Rep. Justin Amash has a plan to rollback unconstitutional snooping by the super-secret agency
July 24, 2013
Edward Snowden’s revelations of Stasi state surveillance by the NSA have led to belated action in Congress to clip the agency’s wings.
The House of Representatives is expected to vote today on an amendment proposed for next year’s defense appropriations bill that “bars authority for the blanket collection of records under the Patriot Act” by the super-secret agency.
“None of the funds made available by this Act may be used to collect tangible things (including telephone numbers dialed, telephone numbers of incoming calls, and the duration of calls) pursuant to an order under section 501 of the Foreign Intelligence Surveillance Act of 1978 (50 U.S.C. 1861) if such things do not pertain to a person who is the subject of an investigation described in such section,” the amendment reads.
The amendment was introduced by Michigan Republican Rep. Justin Amash, who is described as a libertarian, and liberal Michigan Democrat Rep. John Conyers.
The threat posed to the government’s unhindered power of surveillance is being taken seriously by the NSA, the Obama White House, and leaders from the House and Senate Intelligence committees, who strenuously condemn the amendment.
Amash responded to criticism with a tweet:
Do Members of Congress want to go on record supporting unconstitutional, blanket collection of all Americans' phone records? We'll find out.
— Justin Amash (@repjustinamash) July 24, 2013
On Tuesday, NSA boss Gen. Keith Alexander hurriedly scheduled a last-minute, top secret, members-only briefing to push back against the amendment. “In advance of anticipated action on amendments to the DoD Appropriations bill, Ranking Member C.A. Dutch Ruppersberger of the House Intelligence Committee invites your Member to attend a question and answer session with General Keith B. Alexander of the National Security Agency,” the invitation states.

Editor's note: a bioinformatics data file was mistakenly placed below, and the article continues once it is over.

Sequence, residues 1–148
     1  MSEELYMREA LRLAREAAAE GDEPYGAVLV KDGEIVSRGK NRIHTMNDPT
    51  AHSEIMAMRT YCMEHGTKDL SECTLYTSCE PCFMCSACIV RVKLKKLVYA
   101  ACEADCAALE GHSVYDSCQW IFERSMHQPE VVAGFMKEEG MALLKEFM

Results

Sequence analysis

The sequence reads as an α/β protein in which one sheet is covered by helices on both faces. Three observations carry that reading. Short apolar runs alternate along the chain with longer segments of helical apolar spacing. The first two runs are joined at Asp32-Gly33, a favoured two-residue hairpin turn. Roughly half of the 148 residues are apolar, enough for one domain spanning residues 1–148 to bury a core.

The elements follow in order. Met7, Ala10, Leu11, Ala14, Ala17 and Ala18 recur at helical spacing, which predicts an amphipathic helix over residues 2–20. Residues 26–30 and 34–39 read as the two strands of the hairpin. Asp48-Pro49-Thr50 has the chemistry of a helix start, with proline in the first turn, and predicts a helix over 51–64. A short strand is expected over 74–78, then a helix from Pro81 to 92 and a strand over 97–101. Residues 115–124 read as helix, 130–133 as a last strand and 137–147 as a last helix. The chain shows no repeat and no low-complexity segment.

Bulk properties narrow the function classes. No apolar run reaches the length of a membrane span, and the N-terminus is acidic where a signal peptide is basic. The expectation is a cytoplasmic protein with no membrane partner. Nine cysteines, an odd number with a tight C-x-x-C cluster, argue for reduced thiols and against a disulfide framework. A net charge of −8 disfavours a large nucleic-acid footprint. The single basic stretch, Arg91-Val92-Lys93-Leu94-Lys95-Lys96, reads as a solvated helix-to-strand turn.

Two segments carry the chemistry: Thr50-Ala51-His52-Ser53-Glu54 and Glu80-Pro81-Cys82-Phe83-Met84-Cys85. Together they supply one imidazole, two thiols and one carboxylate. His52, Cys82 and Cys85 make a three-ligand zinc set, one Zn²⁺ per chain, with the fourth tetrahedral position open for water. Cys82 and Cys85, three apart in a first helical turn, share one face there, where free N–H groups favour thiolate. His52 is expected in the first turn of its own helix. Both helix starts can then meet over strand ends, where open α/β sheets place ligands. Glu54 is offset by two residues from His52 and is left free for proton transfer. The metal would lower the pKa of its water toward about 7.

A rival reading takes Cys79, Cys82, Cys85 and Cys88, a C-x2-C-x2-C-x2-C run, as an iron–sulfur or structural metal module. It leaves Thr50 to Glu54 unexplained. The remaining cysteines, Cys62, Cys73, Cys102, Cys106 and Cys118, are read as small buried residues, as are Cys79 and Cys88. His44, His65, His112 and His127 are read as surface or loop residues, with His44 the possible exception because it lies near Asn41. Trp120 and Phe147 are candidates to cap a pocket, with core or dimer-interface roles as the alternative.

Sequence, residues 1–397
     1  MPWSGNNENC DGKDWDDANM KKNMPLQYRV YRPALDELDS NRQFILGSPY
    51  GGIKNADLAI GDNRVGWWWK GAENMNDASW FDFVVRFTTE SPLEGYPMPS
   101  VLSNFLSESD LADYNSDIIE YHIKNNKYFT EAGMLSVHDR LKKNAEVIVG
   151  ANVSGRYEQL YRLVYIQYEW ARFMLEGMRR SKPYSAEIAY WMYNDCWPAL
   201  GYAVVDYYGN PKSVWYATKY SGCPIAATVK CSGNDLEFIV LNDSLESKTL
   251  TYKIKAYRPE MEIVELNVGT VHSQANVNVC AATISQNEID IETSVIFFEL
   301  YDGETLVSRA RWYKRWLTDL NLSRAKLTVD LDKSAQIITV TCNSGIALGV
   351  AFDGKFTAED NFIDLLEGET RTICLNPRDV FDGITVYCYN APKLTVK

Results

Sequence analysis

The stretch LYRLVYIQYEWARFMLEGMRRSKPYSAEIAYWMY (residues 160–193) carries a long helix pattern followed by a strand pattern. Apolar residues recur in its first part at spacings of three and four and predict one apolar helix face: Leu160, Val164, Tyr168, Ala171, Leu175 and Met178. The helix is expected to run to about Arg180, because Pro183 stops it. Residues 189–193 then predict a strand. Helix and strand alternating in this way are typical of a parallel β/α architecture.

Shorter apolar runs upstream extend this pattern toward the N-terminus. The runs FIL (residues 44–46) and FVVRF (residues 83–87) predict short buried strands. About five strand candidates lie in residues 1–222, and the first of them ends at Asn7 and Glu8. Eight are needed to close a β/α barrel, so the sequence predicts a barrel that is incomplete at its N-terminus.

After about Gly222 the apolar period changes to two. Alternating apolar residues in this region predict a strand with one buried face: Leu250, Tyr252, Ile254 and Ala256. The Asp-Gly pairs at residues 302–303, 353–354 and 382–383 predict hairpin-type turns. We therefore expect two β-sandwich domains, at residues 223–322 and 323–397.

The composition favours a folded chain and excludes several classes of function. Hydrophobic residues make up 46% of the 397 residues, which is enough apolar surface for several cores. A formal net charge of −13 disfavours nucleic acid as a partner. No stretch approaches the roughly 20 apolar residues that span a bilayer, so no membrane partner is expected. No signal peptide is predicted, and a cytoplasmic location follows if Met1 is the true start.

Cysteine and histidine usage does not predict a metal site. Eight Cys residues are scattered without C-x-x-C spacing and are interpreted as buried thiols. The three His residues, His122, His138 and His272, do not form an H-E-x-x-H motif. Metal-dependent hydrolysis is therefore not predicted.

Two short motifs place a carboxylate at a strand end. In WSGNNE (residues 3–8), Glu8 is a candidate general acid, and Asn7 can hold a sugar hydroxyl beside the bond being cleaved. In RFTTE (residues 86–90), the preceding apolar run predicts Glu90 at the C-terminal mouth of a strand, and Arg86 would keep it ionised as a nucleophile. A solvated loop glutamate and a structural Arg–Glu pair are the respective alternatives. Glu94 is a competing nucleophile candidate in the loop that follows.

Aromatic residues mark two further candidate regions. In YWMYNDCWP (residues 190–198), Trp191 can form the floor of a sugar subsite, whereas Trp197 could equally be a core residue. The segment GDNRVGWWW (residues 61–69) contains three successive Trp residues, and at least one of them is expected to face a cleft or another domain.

Although the White House rarely comments on legislation prior to action on the floor of the House or the Senate, Obama spokesman Jay Carney had sharp words for the proposed amendment. “This blunt approach is not the product of an informed, open, or deliberative process,” the White House remonstrated in a prepared statement. “We urge the House to reject the Amash Amendment, and instead move forward with an approach that appropriately takes into account the need for a reasoned review of what tools can best secure the nation.”
Supporters of the NSA’s unconstitutional surveillance have rushed to defend the agency and condemn Amash’s amendment. Michigan Republican Mike Rogers, the chairman of the House Intelligence committee, teamed up with other GOP chairmen and issued a letter demanding lawmakers reject the Amash amendment.
“While many members have legitimate questions about the NSA metadata program, including whether there are sufficient protections for Americans’ civil liberties,” Rogers wrote, “eliminating this program altogether without careful deliberation would not reflect our duty, under Article I of the Constitution, to provide for the common defense.”
Rep. Rogers and apologists for a high-tech surveillance and police state may claim the NSA program is legal under Article I of the Constitution, but they are mute on the agency’s conflict with the Fourth Amendment. The Fourth Amendment states inexorably: “The right of the people to be secure in their persons, houses, papers, and effects, against unreasonable searches and seizures, shall not be violated” and that “no warrants shall issue, but upon probable cause, supported by oath or affirmation, and particularly describing the place to be searched, and the persons or things to be seized.”